China and smaller companies have offered investors in stocks and shares individual savings accounts (Isa) the highest returns since the tax-free savings wrappers were launched on 6 April 1999.
According to analysis from multi-manager investment firm, Architas, Isa investments in China and Greater China have enjoyed the highest growth of 824%.
Strong performance in this sector reflects rapid economic growth in the region since the start of the new millennium. Although Chinese markets traded ‘sideways’, for a period after the financial crisis, that is with no significant movement up or down, it has rallied since 2016 as the country transitions from being a major exporter to a specialist in technology an innovation.
However, overall sectors that specialised in smaller companies dominated the top 10. Behind China came European Smaller Companies, which have given Isa investors a return of 639% since 6 April 1999, followed by UK Smaller Companies which have returned 557%. North American Smaller Companies came in at number six, with a return of 406% and Japanese Smaller Companies at number nine with gains of 317%.
Other sectors to feature in the top 10 were Asia Pacific ex Japan, Global Emerging Markets, Global Emerging Markets Bonds and Specialist – which comprises very niche funds that cannot be accommodated in other sectors.
When Architas examined which individual funds had performed best since Isas were launched, it was also UK smaller companies that came out on top. Marlborough Special Situations was the strongest performer by a significant margin, giving investors a return of 2,600%. Artemis UK Smaller Companies came in second at 1505%.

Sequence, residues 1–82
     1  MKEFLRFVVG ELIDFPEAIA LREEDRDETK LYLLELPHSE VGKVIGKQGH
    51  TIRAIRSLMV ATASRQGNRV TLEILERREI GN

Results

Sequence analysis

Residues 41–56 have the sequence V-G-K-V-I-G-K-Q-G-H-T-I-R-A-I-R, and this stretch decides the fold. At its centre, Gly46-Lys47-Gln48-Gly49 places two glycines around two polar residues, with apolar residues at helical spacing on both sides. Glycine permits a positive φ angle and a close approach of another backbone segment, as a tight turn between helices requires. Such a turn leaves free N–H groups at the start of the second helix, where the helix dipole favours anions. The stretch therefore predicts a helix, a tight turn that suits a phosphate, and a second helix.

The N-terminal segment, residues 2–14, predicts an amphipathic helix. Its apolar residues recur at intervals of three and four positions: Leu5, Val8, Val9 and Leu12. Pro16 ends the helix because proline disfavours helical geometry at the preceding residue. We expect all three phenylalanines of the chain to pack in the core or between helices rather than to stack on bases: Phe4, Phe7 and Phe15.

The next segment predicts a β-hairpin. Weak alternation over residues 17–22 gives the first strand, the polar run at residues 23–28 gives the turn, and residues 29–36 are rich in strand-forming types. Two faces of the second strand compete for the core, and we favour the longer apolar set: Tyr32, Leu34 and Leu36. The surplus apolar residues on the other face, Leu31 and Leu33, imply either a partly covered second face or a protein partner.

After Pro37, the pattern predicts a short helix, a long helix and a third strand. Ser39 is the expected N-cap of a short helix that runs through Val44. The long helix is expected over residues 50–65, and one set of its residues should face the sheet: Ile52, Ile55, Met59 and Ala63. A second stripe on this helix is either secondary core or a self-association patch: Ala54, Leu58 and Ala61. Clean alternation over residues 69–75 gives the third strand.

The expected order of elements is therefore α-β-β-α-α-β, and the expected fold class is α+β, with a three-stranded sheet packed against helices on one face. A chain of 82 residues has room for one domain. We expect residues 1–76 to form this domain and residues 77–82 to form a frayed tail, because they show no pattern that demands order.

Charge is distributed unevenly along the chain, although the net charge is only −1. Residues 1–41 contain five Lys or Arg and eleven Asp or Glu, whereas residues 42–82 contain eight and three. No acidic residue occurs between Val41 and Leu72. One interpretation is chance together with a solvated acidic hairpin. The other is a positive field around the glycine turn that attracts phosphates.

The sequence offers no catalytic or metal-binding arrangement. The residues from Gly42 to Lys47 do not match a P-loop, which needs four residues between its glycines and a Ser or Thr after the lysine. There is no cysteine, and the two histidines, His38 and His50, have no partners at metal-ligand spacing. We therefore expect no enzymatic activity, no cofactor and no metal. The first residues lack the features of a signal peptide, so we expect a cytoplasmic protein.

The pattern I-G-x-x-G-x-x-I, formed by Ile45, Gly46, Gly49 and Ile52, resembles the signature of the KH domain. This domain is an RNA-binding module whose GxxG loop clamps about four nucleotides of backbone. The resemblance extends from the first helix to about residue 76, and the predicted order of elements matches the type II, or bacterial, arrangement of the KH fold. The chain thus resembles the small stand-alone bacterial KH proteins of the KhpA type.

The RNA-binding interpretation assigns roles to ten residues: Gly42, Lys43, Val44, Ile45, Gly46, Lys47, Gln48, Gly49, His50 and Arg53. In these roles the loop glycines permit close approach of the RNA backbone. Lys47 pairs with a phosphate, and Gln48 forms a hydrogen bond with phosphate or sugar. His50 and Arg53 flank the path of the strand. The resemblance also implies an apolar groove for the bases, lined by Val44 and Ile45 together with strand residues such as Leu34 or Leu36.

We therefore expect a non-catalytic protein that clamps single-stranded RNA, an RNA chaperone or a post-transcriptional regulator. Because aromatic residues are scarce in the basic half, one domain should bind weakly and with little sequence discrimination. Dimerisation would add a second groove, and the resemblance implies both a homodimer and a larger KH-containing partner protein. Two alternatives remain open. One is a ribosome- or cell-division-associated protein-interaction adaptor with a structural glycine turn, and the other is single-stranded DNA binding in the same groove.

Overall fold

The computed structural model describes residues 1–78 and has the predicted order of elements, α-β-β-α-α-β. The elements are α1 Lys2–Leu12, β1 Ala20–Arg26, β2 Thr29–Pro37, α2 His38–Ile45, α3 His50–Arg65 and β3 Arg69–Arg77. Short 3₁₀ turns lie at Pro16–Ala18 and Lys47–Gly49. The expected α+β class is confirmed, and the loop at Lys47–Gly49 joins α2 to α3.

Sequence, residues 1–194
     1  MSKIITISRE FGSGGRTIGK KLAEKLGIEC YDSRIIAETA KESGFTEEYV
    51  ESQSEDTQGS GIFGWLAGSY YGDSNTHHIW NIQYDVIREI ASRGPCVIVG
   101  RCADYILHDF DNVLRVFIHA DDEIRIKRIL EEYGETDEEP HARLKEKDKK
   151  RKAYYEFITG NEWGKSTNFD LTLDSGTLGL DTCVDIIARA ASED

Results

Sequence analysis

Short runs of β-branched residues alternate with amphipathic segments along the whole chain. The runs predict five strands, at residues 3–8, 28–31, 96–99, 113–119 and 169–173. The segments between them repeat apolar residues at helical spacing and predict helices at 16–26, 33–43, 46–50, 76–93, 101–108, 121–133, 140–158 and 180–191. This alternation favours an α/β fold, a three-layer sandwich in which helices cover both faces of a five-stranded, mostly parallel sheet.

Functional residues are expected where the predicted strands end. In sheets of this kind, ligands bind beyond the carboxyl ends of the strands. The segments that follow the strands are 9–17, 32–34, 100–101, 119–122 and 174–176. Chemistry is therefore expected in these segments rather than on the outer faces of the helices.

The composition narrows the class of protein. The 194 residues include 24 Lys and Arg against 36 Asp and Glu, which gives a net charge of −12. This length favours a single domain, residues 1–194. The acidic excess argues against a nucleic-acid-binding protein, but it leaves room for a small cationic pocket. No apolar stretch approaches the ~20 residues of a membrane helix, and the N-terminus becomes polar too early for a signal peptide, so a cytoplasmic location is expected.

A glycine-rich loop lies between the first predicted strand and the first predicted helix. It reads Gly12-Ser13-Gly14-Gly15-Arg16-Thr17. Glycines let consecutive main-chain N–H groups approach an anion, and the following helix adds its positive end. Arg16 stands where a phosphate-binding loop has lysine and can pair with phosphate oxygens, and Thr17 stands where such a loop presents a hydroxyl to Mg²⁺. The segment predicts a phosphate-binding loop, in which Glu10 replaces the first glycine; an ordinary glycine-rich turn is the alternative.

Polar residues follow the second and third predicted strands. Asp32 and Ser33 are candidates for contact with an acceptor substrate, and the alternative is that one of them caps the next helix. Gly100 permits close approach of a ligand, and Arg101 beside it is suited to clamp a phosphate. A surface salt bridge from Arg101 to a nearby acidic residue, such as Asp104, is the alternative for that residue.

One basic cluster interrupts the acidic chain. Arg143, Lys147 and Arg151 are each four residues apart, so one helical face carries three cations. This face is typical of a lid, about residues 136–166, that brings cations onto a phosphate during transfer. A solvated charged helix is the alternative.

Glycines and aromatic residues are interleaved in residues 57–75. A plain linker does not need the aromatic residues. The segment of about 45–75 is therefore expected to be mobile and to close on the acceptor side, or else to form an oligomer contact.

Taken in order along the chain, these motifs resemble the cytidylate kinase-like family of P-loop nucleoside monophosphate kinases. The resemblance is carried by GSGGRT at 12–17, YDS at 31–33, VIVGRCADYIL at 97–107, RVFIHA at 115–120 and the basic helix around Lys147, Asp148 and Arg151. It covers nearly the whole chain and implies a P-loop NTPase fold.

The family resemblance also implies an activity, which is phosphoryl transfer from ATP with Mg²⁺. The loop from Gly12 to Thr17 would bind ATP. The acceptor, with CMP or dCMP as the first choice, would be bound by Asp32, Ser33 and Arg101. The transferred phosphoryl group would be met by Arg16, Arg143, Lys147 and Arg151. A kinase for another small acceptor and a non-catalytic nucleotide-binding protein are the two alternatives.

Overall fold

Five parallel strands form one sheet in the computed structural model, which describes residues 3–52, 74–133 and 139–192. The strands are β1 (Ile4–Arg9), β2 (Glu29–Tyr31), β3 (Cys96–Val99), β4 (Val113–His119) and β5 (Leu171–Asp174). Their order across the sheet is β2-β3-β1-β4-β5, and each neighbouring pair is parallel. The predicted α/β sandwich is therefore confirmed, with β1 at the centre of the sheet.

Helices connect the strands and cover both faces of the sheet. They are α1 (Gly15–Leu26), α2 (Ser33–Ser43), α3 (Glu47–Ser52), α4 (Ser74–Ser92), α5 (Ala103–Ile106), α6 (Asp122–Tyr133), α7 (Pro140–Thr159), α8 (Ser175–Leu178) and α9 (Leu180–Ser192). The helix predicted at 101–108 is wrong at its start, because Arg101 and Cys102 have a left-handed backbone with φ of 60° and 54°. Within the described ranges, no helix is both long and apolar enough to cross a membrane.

Adrian Lowcock, investment director at Architas says : “Markets have been anything other than normal in the years since Isas were launched, which is pretty much in keeping with any other period in history. The backdrop to investing is always changing and makes it hard to predict where the stock market returns might be over the next 20 years.”
“The data shows the importance of being diversified as well as having the right funds in your portfolio. Whilst passive investing has been a good strategy following the financial crisis there are still areas which benefit from active management, including smaller companies, Asia and emerging markets.”